Tunnelling work on the Crossrail development in London has restarted after the collapse of a spoil hopper briefly halted operations.
One of the tunnel boring machines (TBMs) was halted earlier in the month while staff members looked to rectify the problem that had been caused following the collapse of their apparatus. However, once it was fixed, the TBM has restarted and work continued on Monday (October 22nd). Officials stated that the second apparatus will also carry on its work in the coming weeks. It is hoped that the hold-up does not interfere with the schedule organisers have already laid out for this project, the Construction Enquirer reports.
Crossrail is designed to provide another rail route across London and aims to reduce the amount of pressure that London Underground network currently deals with. Passengers using this system will be able to avoid using the usually busy tube lines and will help provide an alternative from the traditional bus routes that can become highly congested during peak hours.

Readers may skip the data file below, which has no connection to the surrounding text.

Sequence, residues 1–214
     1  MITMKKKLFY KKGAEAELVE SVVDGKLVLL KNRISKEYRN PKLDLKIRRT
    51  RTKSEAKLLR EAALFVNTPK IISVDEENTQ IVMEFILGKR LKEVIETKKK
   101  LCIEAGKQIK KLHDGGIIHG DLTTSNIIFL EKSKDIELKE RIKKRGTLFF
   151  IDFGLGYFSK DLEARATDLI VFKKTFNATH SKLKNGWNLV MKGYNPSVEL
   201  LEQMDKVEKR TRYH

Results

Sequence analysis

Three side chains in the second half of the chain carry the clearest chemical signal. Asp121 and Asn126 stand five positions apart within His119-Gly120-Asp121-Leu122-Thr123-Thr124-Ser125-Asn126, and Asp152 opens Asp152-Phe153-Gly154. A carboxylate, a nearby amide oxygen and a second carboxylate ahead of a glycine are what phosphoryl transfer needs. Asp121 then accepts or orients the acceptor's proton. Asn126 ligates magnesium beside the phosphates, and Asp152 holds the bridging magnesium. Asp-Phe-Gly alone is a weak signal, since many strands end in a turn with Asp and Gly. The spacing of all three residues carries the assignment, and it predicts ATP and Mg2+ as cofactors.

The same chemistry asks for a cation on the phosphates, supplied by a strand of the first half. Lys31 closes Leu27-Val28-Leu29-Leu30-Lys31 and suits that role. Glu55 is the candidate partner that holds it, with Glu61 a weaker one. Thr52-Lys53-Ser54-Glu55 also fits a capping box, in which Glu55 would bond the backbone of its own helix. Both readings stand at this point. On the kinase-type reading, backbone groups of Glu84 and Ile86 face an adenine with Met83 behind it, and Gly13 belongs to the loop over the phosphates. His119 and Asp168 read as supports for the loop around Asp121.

Officials noted that the collapse of the spoil hopper was caused by a backlog of tunnel spoil and had forced workers to suspend the TBM to ensure that it was safe to carry on.
A Crossrail spokesman told the source: "Stockpile levels at Royal Oak have now been sufficiently reduced and tunnelling can now recommence. Lorries have been used to reduce the stockpile at Royal Oak. Excavated material from tunnelling will be stockpiled at Royal Oak this week ahead of removal by lorry.
"Once this stockpile has been fully depleted, the use of lorries to transport excavated material from the site will discontinue."
Work on the Crossrail development has been ongoing since 2010 with the first part of the tunnel ports and shafts due to be completed by 2014 and fully finished by 2016. The Royal Oak to Farringdon tunnelling operations are already underway and officials have earmarked the third quarter of 2013 for them to be completed while the entire tunnel drive is due to be done by the third quarter of 2014.
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